Rebecca Beasley has sold the Clayton Record to Blake Gumprecht, a college professor from New Hampshire.
Gumprecht grew up in Wilmington, Delaware. His first venture in to journalism was a hand-written newspaper he sold door-to –door as a young boy in his neighborhood.
As a journalism student at the University of Kansas, he worked at the student newspaper and earned internships at the Chicago Tribune and the Los Angeles Times.
For the last 14 years, he has been a professor in the Department of Geography at the University of New Hampshire. He also taught at the University of South Carolina.
Gumprecht says he decided to return to journalism, and started his search to find a newspaper to buy last summer. He looked at 122 newspapers in 24 states, and visited nine papers in seven states. “I was immediately taken by Barbour County when I visited last December,” Gumprecht wrote in his column. “I like the look of the place, the quintessentially Southern landscape and architecture, and the pace of life here.”
Beasley’s family has owned The Clayton Record for 102 years. Her grandfather, William Lee Gammell, served as editor and publisher of The Clayton Record from 1915 until 1954. Her grandmother, Pearl Gammell, followed her husband as editor and publisher. In 1960, Miss Bertie, Beasley’s mother, took over the reins of the newspaper and remained active with both the paper and the Clayton community until her death in 1998.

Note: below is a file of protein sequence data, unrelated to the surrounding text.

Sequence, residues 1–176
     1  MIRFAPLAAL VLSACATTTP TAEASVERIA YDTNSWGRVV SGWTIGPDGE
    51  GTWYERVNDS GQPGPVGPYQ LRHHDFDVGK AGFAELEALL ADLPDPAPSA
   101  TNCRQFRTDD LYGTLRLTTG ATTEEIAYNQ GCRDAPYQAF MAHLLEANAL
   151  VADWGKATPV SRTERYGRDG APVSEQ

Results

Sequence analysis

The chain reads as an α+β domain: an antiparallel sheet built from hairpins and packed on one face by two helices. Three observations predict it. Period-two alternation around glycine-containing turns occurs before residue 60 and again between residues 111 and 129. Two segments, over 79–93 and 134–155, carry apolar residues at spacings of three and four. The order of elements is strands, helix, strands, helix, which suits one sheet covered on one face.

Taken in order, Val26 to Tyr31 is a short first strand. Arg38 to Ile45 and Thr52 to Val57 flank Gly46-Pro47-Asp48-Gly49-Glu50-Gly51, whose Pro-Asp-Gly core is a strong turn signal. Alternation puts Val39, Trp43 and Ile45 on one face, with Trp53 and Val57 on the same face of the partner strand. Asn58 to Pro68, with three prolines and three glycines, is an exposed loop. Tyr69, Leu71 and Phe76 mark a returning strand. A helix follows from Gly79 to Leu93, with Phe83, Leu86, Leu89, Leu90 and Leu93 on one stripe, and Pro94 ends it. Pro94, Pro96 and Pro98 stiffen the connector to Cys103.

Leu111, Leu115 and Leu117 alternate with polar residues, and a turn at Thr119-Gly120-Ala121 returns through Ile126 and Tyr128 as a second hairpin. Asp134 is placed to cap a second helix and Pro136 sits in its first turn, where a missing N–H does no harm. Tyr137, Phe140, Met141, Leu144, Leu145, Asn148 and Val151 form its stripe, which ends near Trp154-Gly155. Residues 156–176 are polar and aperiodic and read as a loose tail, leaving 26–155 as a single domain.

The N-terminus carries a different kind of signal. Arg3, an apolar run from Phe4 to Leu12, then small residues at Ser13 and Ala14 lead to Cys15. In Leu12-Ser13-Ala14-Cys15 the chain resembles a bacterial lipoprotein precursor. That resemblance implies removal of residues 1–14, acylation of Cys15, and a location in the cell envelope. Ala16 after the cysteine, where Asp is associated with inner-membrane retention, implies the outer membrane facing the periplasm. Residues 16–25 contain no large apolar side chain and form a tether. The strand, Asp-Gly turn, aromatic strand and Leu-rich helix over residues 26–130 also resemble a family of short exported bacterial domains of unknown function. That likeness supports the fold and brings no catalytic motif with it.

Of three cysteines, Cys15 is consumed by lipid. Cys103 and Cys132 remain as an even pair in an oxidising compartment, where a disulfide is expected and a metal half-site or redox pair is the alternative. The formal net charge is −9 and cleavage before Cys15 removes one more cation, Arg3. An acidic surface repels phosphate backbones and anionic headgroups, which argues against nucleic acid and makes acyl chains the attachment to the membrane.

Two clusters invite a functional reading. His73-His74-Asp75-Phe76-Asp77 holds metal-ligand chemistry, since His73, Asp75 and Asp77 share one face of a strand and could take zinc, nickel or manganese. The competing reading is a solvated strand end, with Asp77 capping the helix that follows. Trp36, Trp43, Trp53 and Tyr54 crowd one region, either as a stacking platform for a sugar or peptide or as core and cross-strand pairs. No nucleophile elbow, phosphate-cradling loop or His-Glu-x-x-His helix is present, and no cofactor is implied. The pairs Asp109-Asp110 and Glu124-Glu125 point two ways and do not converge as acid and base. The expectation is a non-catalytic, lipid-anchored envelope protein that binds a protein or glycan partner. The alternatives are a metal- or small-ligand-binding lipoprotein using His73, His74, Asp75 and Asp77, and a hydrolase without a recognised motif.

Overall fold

Beasley, who has worked at the newspaper since she was a teenager, took over as her mother’s health declined and has filled the role of editor and publisher since 1998.
In her final column, Beasley wrote, “I write this article with high hopes that the traditions that bring our families and friends together through the sharing of news will continue for many years to come. The news that fills the pages of The Clayton Record has touched all emotions – exciting news, some intriguing topics, some informative articles, and yet some articles that were difficult to write and very sad. All in all, as editor and publisher, the news each week has hopefully chronicled the history of Barbour County and its people.”
Beasley says she is saying farewell, but will continue to support the new editor and publisher in any way she can.